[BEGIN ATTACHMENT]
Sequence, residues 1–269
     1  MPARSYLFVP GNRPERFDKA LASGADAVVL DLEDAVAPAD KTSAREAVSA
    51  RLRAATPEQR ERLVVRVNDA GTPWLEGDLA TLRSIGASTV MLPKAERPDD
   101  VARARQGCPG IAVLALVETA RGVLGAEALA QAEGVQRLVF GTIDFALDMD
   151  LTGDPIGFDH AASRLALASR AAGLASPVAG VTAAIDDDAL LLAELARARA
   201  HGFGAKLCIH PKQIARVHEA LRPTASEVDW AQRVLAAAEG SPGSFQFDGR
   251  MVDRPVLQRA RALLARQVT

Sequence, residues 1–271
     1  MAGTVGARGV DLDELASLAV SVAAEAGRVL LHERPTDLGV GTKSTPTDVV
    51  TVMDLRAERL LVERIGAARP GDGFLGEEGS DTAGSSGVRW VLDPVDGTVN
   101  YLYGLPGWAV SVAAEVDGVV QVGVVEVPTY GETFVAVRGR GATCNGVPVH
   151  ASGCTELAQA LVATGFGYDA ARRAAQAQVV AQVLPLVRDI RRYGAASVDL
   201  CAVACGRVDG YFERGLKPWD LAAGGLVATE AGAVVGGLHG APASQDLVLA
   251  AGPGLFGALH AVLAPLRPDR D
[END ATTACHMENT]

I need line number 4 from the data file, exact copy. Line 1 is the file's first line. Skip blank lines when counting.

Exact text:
   101  VARARQGCPG IAVLALVETA RGVLGAEALA QAEGVQRLVF GTIDFALDMD